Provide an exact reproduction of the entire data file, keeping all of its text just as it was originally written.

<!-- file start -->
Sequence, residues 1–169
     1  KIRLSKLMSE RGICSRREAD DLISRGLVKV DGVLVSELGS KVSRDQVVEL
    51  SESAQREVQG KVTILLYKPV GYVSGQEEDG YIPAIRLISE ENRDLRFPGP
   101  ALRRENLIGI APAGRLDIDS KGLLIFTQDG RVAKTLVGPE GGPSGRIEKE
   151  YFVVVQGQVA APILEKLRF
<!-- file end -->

Sequence, residues 1–169
     1  KIRLSKLMSE RGICSRREAD DLISRGLVKV DGVLVSELGS KVSRDQVVEL
    51  SESAQREVQG KVTILLYKPV GYVSGQEEDG YIPAIRLISE ENRDLRFPGP
   101  ALRRENLIGI APAGRLDIDS KGLLIFTQDG RVAKTLVGPE GGPSGRIEKE
   151  YFVVVQGQVA APILEKLRF